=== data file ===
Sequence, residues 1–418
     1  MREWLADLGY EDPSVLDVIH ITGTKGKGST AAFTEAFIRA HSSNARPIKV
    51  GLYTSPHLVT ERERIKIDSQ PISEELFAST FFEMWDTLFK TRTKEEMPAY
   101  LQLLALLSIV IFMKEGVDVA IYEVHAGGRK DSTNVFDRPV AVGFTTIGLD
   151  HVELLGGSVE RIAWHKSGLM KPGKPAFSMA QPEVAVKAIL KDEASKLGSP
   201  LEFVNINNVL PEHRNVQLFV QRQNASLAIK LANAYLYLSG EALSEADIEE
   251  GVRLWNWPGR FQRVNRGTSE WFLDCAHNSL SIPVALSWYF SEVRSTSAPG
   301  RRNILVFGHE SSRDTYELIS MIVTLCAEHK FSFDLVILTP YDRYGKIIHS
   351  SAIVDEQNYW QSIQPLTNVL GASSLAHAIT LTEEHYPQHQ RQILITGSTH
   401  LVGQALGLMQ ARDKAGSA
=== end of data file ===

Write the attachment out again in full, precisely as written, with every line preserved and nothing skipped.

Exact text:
Sequence, residues 1–418
     1  MREWLADLGY EDPSVLDVIH ITGTKGKGST AAFTEAFIRA HSSNARPIKV
    51  GLYTSPHLVT ERERIKIDSQ PISEELFAST FFEMWDTLFK TRTKEEMPAY
   101  LQLLALLSIV IFMKEGVDVA IYEVHAGGRK DSTNVFDRPV AVGFTTIGLD
   151  HVELLGGSVE RIAWHKSGLM KPGKPAFSMA QPEVAVKAIL KDEASKLGSP
   201  LEFVNINNVL PEHRNVQLFV QRQNASLAIK LANAYLYLSG EALSEADIEE
   251  GVRLWNWPGR FQRVNRGTSE WFLDCAHNSL SIPVALSWYF SEVRSTSAPG
   301  RRNILVFGHE SSRDTYELIS MIVTLCAEHK FSFDLVILTP YDRYGKIIHS
   351  SAIVDEQNYW QSIQPLTNVL GASSLAHAIT LTEEHYPQHQ RQILITGSTH
   401  LVGQALGLMQ ARDKAGSA